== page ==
17. The method of making a composite cathode including abase member of nickel, applying to said base member a mixture of powder particles consisting essentially of nickel and a substance selected from the group consisting of titanium and titanium hydride and nickel, said nickel constituting 70 to 98% by weight of said mixture of powders, heating said base and applied layer in vacuum to a temperature in the range of 950 C. to 1300 C. to melt portions of said powder particles contacting one another and said base to alloy said powder particles together and to said base, and applying an alkaline earth compound type of emissive material to said porous alloy layer to form an emissive coating thereon.

18. The method of making a composite cathode including a base member of nickel, applying to said base member a mixture of powder particles consisting essentially of nickel and a substance selected from the group consisting of titanium and titanium hydride and nickel, said nickel constituting about 95% by weight of said mixture of powders, heating said base and applied layer in vacuum to a temperature of about 1300" C. to melt portions of said powder particles contacting one another and said base to alloy said powder particles together and to said base, and applying an alkaline earth compound type of emissive material to said porous alloy layer to form an emissive coating thereon.

19. The method of making a composite cathode including a base member of tungsten, applying to said base member a mixture of powder particles consisting essentially of tungsten and a substance selected from the group consisting of zirconium and zirconium hydride, heating said base and applied layer in vacuum to a temperature in the range 1650 C. to 2175 C. to melt portions of said powder panticles contacting one another and said base member to alloy said powder particles together and to said base, and applying thorium oxide to said porous alloy layer to fill the pores of said alloy layer to form a coating thereon.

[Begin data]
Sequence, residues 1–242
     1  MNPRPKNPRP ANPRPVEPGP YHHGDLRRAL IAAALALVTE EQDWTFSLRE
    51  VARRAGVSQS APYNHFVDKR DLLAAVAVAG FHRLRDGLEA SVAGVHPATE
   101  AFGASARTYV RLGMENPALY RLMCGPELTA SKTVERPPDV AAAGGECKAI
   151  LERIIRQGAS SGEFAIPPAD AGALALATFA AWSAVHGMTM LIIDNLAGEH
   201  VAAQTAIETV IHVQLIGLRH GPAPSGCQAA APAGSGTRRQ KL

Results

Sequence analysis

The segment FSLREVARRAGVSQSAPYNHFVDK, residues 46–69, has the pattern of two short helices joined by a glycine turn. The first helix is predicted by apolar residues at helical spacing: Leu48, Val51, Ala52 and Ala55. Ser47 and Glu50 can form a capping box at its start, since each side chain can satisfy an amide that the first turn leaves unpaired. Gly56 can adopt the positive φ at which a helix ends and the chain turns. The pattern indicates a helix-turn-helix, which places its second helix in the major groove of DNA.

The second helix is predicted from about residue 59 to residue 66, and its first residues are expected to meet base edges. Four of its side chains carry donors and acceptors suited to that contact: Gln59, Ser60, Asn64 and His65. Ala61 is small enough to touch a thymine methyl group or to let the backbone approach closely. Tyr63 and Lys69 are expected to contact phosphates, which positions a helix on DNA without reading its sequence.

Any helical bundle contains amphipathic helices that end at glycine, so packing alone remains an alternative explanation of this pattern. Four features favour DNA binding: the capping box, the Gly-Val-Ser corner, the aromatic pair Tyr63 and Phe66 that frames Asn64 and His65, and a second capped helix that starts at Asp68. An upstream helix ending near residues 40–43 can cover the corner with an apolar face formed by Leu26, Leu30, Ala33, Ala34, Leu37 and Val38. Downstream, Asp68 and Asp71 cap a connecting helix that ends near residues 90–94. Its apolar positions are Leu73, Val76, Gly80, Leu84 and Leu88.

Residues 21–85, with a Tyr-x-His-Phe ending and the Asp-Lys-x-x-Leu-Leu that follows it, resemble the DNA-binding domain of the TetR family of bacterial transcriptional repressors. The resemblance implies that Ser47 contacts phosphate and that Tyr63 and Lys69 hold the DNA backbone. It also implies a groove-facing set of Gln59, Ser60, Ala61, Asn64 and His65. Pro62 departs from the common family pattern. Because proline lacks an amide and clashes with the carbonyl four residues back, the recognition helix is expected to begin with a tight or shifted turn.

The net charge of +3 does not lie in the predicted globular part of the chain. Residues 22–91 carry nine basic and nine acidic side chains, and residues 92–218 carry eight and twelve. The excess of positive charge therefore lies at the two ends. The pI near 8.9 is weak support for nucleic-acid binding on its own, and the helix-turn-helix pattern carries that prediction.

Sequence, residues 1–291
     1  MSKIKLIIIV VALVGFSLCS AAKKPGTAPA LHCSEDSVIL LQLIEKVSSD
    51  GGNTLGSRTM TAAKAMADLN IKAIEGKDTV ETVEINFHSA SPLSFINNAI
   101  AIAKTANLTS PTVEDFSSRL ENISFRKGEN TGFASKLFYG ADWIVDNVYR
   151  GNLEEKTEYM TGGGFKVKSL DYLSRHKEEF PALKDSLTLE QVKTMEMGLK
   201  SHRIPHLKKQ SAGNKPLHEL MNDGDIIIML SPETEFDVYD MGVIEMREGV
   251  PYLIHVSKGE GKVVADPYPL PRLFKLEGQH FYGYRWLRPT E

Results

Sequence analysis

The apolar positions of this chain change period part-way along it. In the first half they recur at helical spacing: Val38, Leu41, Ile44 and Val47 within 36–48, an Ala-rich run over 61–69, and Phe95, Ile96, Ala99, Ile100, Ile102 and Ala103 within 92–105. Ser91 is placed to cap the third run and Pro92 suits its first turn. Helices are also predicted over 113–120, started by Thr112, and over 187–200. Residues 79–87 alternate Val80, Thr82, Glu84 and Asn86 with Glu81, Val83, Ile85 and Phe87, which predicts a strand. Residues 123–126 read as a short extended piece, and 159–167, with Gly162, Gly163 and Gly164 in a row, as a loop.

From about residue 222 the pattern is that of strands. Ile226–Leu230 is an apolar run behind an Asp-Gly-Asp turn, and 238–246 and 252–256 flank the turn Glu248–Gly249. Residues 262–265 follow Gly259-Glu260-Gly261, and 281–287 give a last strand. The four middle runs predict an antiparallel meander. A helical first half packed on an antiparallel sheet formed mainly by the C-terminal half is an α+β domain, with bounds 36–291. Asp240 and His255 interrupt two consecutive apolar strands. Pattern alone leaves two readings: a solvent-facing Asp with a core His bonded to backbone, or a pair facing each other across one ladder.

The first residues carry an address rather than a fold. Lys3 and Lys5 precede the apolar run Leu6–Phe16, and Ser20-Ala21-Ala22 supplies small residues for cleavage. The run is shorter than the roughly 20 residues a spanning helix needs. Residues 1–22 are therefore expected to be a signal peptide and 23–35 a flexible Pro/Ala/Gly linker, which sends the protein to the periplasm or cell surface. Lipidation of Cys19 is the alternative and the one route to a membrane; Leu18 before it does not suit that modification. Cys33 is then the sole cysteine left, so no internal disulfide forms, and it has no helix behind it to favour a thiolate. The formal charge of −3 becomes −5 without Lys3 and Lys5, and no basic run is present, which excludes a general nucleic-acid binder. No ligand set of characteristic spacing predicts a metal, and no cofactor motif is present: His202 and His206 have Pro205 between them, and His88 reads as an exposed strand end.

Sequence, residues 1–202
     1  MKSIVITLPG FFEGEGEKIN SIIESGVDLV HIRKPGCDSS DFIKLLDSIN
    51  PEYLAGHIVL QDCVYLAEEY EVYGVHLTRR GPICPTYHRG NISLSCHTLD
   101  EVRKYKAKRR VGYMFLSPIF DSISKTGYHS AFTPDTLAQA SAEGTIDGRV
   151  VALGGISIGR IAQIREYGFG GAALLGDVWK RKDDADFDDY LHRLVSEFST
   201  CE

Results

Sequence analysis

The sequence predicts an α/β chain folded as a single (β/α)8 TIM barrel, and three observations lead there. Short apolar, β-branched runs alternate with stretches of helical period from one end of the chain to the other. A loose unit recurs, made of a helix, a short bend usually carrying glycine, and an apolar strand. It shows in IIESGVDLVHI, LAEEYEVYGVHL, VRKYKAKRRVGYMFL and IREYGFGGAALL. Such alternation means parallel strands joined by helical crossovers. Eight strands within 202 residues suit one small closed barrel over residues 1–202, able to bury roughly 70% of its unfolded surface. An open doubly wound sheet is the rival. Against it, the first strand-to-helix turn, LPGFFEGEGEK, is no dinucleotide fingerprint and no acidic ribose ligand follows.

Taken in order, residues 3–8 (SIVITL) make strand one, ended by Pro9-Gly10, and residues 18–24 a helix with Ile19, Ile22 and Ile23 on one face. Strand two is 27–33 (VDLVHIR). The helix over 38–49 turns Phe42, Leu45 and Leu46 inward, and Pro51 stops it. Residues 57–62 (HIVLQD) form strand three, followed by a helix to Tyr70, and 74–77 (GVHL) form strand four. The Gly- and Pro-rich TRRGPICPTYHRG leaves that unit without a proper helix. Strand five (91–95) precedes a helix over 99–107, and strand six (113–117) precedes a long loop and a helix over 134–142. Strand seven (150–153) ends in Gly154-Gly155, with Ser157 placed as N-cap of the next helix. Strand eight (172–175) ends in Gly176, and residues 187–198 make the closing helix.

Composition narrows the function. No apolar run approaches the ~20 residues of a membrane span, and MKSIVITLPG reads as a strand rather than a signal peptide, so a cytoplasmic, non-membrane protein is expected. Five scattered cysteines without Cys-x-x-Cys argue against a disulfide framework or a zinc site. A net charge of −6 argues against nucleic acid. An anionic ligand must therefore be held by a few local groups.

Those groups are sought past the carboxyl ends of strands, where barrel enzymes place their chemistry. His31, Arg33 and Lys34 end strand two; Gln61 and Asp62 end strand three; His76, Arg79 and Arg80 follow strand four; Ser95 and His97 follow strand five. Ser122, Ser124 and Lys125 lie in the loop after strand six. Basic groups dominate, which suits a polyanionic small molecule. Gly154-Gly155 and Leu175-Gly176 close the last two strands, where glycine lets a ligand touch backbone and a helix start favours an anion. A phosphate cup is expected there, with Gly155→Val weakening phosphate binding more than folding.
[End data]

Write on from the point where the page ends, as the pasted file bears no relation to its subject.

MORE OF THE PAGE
20. The method of making a composite cathode including a base member of tungsten, applying to said base member a mixture of powder particles consisting essentially of tungsten and a substance selected from the group consisting of zirconium and zirconiumhydride, said tungsten powder constituting approximately 87% by weight of said mixture, heating said base and applied layer in vacuum to a temperature of about 1800 C. to melt portions of said powder particles contacting one another and said base member to alloy said powder particles together and to said base, and applying thorium oxide to said porousjalloy layer to fill the pores of said alloy layer to form a coating thereon. 9 Y